THERE’S nothing quite like a list to illustrate where female athletes are in comparison to their male counterparts.

The release of the annual Forbes Rich List this week, which details the 100 highest-earning athletes within sport over the last year, is made up exclusively of men.

Boxer Floyd Mayweather claimed top spot having collected $275 million, primarily made up of the earnings from his super-fight against UFC star Conor McGregor who, having earned $99 million, occupied fourth place on the list behind Lionel Messi and Christiano Ronaldo.

The complete absence of women should though, perhaps not be as shocking as it appears at first glance. Without exception, the list has always been overwhelmingly male with only the odd female athlete breaking the strangle-hold.

2010 was the last time not a single woman made it into the top 100, with Serena Williams the highest-placed – and only - woman in last year’s list at number 51. But Williams’ absence from tennis over much of the last year due to her pregnancy has seen her drop out of the top 100, with none of her fellow female athletes having the earning power to replace her.

The dominance of a couple of sports on the list is telling – basketball is the best represented with 40 NBA players making the top 100, while American football is next with 18 players being named. And America is by far the most lucrative country to play sport, with two thirds of the men who make the list hailing from there.

There is little doubt that female athletes lag far behind their male counterparts in financial terms – the gender pay gap is a huge issue in almost every profession but it is particularly stark in sport.

Paris Saint-Germain forward Neymar earns almost £33 million in salary alone per year, meaning he is paid more than every woman player in the top leagues in France, Germany, England, the US, Sweden, Australia and Mexico and is a brutal reminder of quite how significant an issue this is.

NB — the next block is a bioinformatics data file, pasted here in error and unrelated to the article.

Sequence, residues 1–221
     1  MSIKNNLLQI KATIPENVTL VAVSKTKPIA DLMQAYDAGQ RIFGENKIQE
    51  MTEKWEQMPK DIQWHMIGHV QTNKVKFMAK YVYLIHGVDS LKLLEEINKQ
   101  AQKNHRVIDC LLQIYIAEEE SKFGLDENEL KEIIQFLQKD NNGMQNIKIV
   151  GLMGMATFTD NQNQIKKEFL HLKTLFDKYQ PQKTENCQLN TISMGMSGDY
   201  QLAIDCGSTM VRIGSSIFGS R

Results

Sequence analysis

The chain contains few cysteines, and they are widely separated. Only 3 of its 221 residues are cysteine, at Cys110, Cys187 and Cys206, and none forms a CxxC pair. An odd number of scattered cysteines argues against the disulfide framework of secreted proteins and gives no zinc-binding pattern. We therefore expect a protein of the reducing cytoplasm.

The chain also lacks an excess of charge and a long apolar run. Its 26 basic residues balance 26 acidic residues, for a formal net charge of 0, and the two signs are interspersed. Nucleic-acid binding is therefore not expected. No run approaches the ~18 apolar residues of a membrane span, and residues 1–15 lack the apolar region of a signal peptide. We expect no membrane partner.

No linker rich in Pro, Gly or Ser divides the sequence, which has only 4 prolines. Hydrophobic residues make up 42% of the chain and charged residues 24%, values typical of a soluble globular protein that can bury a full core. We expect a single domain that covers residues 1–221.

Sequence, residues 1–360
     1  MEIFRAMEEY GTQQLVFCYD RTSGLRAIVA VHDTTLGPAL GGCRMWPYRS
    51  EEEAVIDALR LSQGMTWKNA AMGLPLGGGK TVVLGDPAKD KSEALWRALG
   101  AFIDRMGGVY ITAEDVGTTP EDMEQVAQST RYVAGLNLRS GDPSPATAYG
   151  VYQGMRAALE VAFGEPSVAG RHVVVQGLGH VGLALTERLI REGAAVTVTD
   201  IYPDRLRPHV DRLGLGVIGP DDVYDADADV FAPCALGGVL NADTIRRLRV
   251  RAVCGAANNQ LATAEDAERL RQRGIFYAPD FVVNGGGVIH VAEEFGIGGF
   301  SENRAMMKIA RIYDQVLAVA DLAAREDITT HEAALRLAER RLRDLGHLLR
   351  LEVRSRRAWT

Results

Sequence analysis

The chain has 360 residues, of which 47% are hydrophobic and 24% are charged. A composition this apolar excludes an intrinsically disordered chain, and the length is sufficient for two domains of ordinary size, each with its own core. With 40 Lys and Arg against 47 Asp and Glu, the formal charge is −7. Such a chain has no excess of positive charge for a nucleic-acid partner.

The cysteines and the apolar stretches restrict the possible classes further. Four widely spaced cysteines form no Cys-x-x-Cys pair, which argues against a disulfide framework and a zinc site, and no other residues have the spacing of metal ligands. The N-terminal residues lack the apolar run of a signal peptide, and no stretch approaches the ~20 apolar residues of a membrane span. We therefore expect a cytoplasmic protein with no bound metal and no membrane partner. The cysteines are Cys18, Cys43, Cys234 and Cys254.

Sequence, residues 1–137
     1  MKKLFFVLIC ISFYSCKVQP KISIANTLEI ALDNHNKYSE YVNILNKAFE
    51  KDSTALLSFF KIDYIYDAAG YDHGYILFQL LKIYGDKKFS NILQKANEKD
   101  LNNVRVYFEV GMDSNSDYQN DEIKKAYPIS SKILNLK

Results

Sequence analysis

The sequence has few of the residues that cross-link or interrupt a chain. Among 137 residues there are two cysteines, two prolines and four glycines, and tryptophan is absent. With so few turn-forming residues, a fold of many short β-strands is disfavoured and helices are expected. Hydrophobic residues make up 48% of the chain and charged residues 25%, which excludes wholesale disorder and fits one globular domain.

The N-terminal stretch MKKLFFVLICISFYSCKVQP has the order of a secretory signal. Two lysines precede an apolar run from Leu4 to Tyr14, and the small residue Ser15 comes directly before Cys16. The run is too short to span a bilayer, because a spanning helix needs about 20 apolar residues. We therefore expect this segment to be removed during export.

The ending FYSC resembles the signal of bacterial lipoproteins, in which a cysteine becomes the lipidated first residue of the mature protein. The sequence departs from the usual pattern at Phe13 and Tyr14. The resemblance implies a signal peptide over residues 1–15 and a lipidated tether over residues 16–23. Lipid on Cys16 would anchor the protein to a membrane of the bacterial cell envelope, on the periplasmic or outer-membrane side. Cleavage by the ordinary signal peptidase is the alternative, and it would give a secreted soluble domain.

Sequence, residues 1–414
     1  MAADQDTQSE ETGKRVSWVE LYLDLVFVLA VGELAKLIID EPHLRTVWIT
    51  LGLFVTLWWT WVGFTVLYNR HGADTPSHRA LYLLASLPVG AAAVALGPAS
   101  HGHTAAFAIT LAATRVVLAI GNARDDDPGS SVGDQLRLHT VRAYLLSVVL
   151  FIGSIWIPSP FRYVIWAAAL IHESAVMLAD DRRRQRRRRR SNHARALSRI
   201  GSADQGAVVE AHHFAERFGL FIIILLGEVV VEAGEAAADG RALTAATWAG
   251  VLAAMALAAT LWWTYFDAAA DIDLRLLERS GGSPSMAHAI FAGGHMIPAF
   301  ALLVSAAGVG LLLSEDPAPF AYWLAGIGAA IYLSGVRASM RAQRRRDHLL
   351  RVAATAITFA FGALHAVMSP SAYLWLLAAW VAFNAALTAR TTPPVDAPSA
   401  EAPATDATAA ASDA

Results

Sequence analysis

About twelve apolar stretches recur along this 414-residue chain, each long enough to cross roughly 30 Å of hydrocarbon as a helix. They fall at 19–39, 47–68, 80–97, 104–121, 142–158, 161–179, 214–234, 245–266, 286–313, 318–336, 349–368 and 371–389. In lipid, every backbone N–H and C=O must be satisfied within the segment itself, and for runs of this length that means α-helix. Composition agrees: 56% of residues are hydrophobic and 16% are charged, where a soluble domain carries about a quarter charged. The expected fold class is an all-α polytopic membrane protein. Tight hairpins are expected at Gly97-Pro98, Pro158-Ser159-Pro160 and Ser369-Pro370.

That Williams, and before her, Maria Sharapova, have both made the list in recent years which highlights that tennis is the sport which is closest to equality, but even there, the gap remains significant both in terms of prize-money and endorsement deals.

It is particularly galling, though, that Mayweather, the man who tops Forbes’ list, is a convicted domestic abuser.

The days since the list was released have seen much lamenting about the disparity in earnings between male and female athletes and certainly, it highlights quite how wide the gap is. But rather than moaning about the unfairness of the situation, it would be more constructive to suggest what can be done about it.

I have believed over the past few years that things are improving – in Britain, female athletes as a collective group are as high profile as they have ever been and while the media coverage of men’s football continues to overshadow everything else – including male athletes in minority sports – there’s a pretty solid case to suggest things are moving in the right direction, albeit slowly.

But until a significant change occurs financially, the progress of women’s sport will continue at a snail’s pace. There are precedents where men have backed their female counterparts and almost without exception, the outcome is positive.

Last December, Norway’s international male footballers agreed to take a pay cut in order to allow the women a pay rise and achieve parity. And last month, an agreement was reached in New Zealand which will see both the men’s and women’s national teams paid equally, with both receiving equal prize money, image rights and travel benefits.

These cases show significant progress is possible, although it will be some time before Forbes’ top 100 is made up of an equal split of men and women.

However, with the support of male athletes, and a recognition that female athletes are worth something, sizeable steps towards equality are possible. Will it happen in the UK any time soon? If some of the highly-paid male athletes stick their neck out and push for change, it could happen sooner than we all anticipate.